(silly?) speed comparisons

Discussion in 'Python' started by mk, Jul 8, 2008.

  1. mk

    mk Guest

    Out of curiosity I decided to make some speed comparisons of the same
    algorithm in Python and C++. Moving slices of lists of strings around
    seemed like a good test case.

    Python code:

    def move_slice(list_arg, start, stop, dest):
    frag = list_arg[start:stop]
    if dest > stop:
    idx = dest - (stop - start)
    else:
    idx = dest
    del list_arg[start:stop]
    list_arg[idx:idx] = frag
    return list_arg

    b = ['a', 'b', 'c', 'd', 'e', 'f', 'g', 'h', 'i', 'j']

    >>> import timeit
    >>> t = timeit.Timer("move_slice.move_slice(move_slice.b, 4, 6, 7)",

    "import move_slice")
    >>> t.timeit()

    3.879252810063849

    (Python 2.5, Windows)

    Implementing the same algorithm in C++:

    #include <vector>
    #include <iostream>
    #include <string>

    using namespace std;

    vector<string> move_slice(vector<string> vec, int start, int stop, int dest)
    {
    int idx = stop - start;
    vector<string> frag;

    // copy a fragment of vector
    for (idx = start; idx < stop; idx++)
    frag.push_back(vec.at(idx));
    if( dest > stop)
    idx = dest - (stop - start);
    else
    idx = dest;
    // delete the corresponding fragment of orig vector
    vec.erase( vec.begin() + start, vec.begin() + stop);

    // insert the frag in proper position
    vec.insert( vec.begin() + idx, frag.begin(), frag.end());

    return vec;
    }


    int main(int argc, char* argv)
    {
    vector<string> slice;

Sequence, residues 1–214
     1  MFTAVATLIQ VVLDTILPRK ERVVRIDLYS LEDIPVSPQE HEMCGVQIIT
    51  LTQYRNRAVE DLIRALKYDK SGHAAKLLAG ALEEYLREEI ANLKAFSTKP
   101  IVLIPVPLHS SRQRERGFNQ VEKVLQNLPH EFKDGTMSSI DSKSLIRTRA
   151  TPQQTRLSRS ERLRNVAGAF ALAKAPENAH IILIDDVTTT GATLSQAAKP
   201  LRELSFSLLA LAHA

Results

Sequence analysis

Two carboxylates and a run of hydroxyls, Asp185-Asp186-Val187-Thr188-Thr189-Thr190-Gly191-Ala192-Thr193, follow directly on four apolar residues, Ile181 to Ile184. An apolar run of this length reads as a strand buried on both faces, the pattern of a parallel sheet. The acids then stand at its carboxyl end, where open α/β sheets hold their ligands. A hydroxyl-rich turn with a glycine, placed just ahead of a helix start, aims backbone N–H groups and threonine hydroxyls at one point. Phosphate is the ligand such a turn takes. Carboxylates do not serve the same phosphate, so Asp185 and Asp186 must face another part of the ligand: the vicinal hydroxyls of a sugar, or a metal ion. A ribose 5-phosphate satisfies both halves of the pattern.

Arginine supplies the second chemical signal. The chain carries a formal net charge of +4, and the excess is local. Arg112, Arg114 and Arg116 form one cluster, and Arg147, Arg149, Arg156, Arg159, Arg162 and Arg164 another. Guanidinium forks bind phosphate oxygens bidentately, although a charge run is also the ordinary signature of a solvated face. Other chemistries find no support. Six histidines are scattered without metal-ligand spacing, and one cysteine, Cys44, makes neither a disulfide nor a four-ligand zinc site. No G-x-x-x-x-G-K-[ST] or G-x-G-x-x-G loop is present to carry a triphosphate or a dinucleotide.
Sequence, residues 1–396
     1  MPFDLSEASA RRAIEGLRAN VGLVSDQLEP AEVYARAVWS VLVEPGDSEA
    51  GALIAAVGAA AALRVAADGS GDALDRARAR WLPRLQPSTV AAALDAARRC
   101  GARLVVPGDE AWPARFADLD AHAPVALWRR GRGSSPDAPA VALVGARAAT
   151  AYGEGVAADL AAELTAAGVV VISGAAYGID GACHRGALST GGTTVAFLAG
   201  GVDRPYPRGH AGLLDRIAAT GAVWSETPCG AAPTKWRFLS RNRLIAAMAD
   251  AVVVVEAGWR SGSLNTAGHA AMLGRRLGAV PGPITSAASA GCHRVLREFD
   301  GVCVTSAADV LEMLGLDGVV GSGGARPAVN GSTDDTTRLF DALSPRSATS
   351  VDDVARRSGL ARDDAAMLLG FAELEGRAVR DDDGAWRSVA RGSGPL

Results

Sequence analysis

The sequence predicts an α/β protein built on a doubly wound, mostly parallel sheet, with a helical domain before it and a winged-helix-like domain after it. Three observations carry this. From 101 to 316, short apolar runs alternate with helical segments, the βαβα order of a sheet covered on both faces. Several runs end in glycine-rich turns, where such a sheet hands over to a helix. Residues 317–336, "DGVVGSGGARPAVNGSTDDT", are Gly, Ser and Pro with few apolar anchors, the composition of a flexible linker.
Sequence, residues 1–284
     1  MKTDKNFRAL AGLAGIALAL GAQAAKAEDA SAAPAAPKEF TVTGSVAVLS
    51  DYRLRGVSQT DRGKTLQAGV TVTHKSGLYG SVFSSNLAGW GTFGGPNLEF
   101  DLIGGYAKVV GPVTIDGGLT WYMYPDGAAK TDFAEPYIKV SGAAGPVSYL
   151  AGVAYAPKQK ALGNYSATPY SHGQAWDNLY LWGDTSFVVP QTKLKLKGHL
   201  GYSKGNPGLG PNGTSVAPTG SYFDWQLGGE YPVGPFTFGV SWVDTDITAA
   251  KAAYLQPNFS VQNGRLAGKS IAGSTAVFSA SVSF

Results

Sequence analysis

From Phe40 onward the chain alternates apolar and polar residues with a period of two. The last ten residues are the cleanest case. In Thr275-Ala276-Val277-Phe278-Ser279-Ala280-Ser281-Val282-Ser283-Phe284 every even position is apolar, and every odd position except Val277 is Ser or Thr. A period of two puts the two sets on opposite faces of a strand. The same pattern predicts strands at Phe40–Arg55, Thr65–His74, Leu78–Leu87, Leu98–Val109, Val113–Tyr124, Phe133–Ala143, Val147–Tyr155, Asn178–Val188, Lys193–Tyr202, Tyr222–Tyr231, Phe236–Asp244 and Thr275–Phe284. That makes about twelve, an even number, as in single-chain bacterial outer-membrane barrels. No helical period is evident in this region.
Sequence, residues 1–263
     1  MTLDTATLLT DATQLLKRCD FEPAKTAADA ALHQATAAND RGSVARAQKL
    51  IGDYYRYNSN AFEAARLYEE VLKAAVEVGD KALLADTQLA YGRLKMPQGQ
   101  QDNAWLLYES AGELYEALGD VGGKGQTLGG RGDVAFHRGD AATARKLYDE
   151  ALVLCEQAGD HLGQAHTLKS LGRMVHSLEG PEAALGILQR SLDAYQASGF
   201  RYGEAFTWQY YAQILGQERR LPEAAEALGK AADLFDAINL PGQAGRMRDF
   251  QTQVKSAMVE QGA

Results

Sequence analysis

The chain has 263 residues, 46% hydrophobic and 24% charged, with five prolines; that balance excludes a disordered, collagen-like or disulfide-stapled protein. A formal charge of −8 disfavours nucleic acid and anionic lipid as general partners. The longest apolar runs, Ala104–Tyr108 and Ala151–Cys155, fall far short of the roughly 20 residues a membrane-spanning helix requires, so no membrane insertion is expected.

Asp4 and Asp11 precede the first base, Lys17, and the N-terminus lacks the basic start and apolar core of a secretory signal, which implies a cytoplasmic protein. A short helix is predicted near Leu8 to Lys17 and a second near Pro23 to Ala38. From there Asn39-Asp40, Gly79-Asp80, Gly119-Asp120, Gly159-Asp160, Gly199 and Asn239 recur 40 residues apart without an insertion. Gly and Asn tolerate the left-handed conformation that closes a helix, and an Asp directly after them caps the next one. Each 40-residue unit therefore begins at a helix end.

string u = "abcdefghij";
    int pos;
    for (pos = 0; pos < u.length(); pos++)
    slice.push_back(u.substr(pos,1));

    int i;
    for (i = 0; i<1000000; i++)
    move_slice(slice, 4, 6, 7);

    }

    Now this is my first take at vectors in C++, so it's entirely possible
    that an experienced coder would implement it in more efficient way.
    Still, vectors of strings seemed like a fair choice - after all, Python
    version is operating on similarly versatile objects.

    But I was still rather surprised to see that C++ version took 15% longer
    to execute!

    (vector, 4, 6, 7)
    $ time slice


    real 0m4.478s
    user 0m0.015s
    sys 0m0.031s

    Compiler: MinGW32/gcc 3.4.5, with -O2 optimization (not cygwin's gcc,
    which for some reason seems to produce sluggish code).


    When I changed moving the slice closer to the end of the list / vector,
    Python version executed even faster:

    >>> t = timeit.Timer("move_slice.move_slice(move_slice.b, 6, 7, 7)",

    "import move_slice")
    >>> t.timeit()

    1.609766883779912

    C++:

    (vector, 6, 7, 7)
    $ time slice.exe


    real 0m3.786s
    user 0m0.015s
    sys 0m0.015s

    Now C++ version took over twice the time to execute in comparison to
    Python time!


    Am I comparing apples to oranges? Should the implementations be
    different? Or does the MinGW compiler simply suck?

    Note: it appears that speed of Python lists falls down quickly the
    closer to the list beginning one deletes or inserts elements. C++
    vectors do not seem to be as heavily position-dependent.
    mk, Jul 8, 2008
    #1
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  2. mk

    Peter Otten Guest

    mk wrote:

    > Now C++ version took over twice the time to execute in comparison to
    > Python time!


    > Am I comparing apples to oranges?


    Indeed. Where in Python you're passing references your C++ code produces
    copies of the vector. For starters you can change the function signature to

    void move_slice(vector<string>& vec, int start, int stop, int dest)

    which should already give your C++ implementation a significant speed boost.

    Peter
    Peter Otten, Jul 9, 2008
    #2
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